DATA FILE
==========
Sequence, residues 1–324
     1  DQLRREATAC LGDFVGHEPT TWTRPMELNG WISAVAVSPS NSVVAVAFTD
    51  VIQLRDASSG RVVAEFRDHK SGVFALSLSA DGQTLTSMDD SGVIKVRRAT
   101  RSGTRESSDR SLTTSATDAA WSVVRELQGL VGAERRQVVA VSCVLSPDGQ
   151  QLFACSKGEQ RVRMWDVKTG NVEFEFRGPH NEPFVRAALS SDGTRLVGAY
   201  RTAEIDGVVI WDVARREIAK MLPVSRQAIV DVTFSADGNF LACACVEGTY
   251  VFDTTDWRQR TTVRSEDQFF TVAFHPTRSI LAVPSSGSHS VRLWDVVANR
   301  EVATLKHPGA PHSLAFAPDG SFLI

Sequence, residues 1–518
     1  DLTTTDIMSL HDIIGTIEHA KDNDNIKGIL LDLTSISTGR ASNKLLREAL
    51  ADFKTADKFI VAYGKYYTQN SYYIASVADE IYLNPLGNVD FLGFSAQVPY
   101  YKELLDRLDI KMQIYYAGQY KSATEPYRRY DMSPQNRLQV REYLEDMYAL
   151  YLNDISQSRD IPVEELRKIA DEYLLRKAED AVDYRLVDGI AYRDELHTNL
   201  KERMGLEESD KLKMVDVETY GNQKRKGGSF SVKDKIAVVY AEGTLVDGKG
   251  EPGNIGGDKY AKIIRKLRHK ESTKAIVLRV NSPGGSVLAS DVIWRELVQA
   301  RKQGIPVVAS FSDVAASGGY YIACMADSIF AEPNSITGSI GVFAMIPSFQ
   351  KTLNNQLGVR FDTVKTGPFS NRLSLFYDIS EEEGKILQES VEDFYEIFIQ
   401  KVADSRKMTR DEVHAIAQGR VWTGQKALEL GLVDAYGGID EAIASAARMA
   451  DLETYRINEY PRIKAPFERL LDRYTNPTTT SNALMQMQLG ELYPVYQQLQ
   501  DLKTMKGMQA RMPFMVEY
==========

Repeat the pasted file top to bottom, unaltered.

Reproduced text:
Sequence, residues 1–324
     1  DQLRREATAC LGDFVGHEPT TWTRPMELNG WISAVAVSPS NSVVAVAFTD
    51  VIQLRDASSG RVVAEFRDHK SGVFALSLSA DGQTLTSMDD SGVIKVRRAT
   101  RSGTRESSDR SLTTSATDAA WSVVRELQGL VGAERRQVVA VSCVLSPDGQ
   151  QLFACSKGEQ RVRMWDVKTG NVEFEFRGPH NEPFVRAALS SDGTRLVGAY
   201  RTAEIDGVVI WDVARREIAK MLPVSRQAIV DVTFSADGNF LACACVEGTY
   251  VFDTTDWRQR TTVRSEDQFF TVAFHPTRSI LAVPSSGSHS VRLWDVVANR
   301  EVATLKHPGA PHSLAFAPDG SFLI

Sequence, residues 1–518
     1  DLTTTDIMSL HDIIGTIEHA KDNDNIKGIL LDLTSISTGR ASNKLLREAL
    51  ADFKTADKFI VAYGKYYTQN SYYIASVADE IYLNPLGNVD FLGFSAQVPY
   101  YKELLDRLDI KMQIYYAGQY KSATEPYRRY DMSPQNRLQV REYLEDMYAL
   151  YLNDISQSRD IPVEELRKIA DEYLLRKAED AVDYRLVDGI AYRDELHTNL
   201  KERMGLEESD KLKMVDVETY GNQKRKGGSF SVKDKIAVVY AEGTLVDGKG
   251  EPGNIGGDKY AKIIRKLRHK ESTKAIVLRV NSPGGSVLAS DVIWRELVQA
   301  RKQGIPVVAS FSDVAASGGY YIACMADSIF AEPNSITGSI GVFAMIPSFQ
   351  KTLNNQLGVR FDTVKTGPFS NRLSLFYDIS EEEGKILQES VEDFYEIFIQ
   401  KVADSRKMTR DEVHAIAQGR VWTGQKALEL GLVDAYGGID EAIASAARMA
   451  DLETYRINEY PRIKAPFERL LDRYTNPTTT SNALMQMQLG ELYPVYQQLQ
   501  DLKTMKGMQA RMPFMVEY